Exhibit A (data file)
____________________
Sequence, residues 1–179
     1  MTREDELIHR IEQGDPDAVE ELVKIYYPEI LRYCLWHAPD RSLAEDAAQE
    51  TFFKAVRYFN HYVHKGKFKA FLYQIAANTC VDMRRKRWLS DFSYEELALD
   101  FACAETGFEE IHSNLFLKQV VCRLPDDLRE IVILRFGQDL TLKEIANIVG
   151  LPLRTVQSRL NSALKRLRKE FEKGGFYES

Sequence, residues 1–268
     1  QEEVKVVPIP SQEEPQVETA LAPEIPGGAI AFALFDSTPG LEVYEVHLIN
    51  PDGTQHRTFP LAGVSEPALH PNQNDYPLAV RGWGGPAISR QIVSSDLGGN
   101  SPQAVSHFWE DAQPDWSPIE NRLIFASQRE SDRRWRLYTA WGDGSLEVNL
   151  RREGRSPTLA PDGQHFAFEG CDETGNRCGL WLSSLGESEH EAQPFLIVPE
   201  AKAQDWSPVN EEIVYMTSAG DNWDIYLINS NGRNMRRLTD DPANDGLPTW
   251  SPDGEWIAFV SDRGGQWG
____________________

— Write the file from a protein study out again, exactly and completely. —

Sequence, residues 1–179
     1  MTREDELIHR IEQGDPDAVE ELVKIYYPEI LRYCLWHAPD RSLAEDAAQE
    51  TFFKAVRYFN HYVHKGKFKA FLYQIAANTC VDMRRKRWLS DFSYEELALD
   101  FACAETGFEE IHSNLFLKQV VCRLPDDLRE IVILRFGQDL TLKEIANIVG
   151  LPLRTVQSRL NSALKRLRKE FEKGGFYES

Sequence, residues 1–268
     1  QEEVKVVPIP SQEEPQVETA LAPEIPGGAI AFALFDSTPG LEVYEVHLIN
    51  PDGTQHRTFP LAGVSEPALH PNQNDYPLAV RGWGGPAISR QIVSSDLGGN
   101  SPQAVSHFWE DAQPDWSPIE NRLIFASQRE SDRRWRLYTA WGDGSLEVNL
   151  RREGRSPTLA PDGQHFAFEG CDETGNRCGL WLSSLGESEH EAQPFLIVPE
   201  AKAQDWSPVN EEIVYMTSAG DNWDIYLINS NGRNMRRLTD DPANDGLPTW
   251  SPDGEWIAFV SDRGGQWG